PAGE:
Section of a Ceiling from the Narinjistan Mansion
Arts of the Islamic World
These sections of a painted wood ceiling come from the public audience hall of the Narinjistan (Orange Garden) mansion in Shiraz, in southwestern Iran. Construction of this residence, noted for its opulent surface decorations and mirror work, was begun in 1870 by Mirza Ibrahim Khan and completed in 1885 by Muhammad Riza Khan, who belonged to the prominent Qavam family of Shiraz.
Polychrome and metallic pigments on wood
from Curatorial catalogue card: 39 x 61 in. (99.1 x 154.9 cm) (show scale)
This item is not on view
Carll H. de Silver Fund
You may download and use Brooklyn Museum images of this three-dimensional work in accordance with a Creative Commons license
. Fair use, as understood under the United States Copyright Act, may also apply.
Please include caption information from this page and credit the Brooklyn Museum. If you need a high resolution file, please contact email@example.com
For further information about copyright, we recommend resources at the United States Library of Congress
, Cornell University
, Copyright and Cultural Institutions: Guidelines for U.S. Libraries, Archives, and Museums
, and Copyright Watch
For more information about the Museum's rights project, including how rights types are assigned, please see our blog posts on copyright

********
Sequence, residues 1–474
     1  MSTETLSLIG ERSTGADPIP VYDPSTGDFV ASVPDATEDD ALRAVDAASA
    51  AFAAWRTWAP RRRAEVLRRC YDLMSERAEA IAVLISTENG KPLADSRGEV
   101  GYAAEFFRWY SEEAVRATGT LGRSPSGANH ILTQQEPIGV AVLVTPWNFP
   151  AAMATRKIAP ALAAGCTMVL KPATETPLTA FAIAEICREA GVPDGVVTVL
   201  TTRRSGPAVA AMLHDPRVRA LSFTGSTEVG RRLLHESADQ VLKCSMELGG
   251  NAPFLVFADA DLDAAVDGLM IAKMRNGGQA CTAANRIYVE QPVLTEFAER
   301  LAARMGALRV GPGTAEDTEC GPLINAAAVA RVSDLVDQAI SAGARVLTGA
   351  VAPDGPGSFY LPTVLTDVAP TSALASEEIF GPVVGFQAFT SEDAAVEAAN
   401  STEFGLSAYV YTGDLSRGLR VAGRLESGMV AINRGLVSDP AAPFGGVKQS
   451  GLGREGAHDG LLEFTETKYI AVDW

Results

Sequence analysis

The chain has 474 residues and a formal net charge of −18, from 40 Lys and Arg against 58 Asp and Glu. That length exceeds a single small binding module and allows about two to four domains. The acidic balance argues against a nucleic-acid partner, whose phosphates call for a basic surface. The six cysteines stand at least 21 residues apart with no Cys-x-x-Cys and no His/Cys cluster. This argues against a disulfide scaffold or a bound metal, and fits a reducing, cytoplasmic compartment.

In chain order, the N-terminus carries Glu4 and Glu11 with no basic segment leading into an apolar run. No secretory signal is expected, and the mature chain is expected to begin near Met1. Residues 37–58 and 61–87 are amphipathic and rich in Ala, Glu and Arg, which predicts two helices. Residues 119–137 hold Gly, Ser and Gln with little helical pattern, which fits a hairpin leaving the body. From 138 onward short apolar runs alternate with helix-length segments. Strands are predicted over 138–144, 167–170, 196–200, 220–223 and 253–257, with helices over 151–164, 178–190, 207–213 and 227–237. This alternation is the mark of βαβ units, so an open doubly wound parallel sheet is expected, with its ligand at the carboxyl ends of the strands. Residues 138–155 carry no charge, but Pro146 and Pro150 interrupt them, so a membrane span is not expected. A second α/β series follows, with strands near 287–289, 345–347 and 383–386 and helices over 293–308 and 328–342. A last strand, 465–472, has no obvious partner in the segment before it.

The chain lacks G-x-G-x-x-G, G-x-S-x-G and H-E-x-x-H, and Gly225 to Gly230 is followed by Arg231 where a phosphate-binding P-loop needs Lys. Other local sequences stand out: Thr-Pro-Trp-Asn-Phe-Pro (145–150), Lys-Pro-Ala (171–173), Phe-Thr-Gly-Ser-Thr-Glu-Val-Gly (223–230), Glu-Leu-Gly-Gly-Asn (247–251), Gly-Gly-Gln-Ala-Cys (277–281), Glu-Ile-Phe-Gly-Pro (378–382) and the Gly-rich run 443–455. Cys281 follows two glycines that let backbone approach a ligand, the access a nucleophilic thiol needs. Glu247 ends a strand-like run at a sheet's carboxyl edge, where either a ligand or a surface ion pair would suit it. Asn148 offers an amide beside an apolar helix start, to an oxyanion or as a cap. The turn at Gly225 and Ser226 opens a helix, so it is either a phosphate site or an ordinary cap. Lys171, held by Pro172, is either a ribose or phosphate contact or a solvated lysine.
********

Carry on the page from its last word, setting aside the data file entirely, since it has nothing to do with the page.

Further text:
If you have any information regarding this work and rights to it, please contact firstname.lastname@example.org
Section of a Ceiling from the Narinjistan Mansion, ca. 1870. Polychrome and metallic pigments on wood, from Curatorial catalogue card: 39 x 61 in. (99.1 x 154.9 cm). Brooklyn Museum, Carll H. de Silver Fund, 70.97.2. Creative Commons-BY
overall, 70.97.1-.4a_view1.jpg. Brooklyn Museum photograph
"CUR" at the beginning of an image file name means that the image was created by a curatorial staff member. These study images may be digital point-and-shoot photographs, when we don\'t yet have high-quality studio photography, or they may be scans of older negatives, slides, or photographic prints, providing historical documentation of the object.
Not every record you will find here is complete. More information is available for some works than for others, and some entries have been updated more recently. Records are frequently reviewed and revised, and we welcome
any additional information you might have.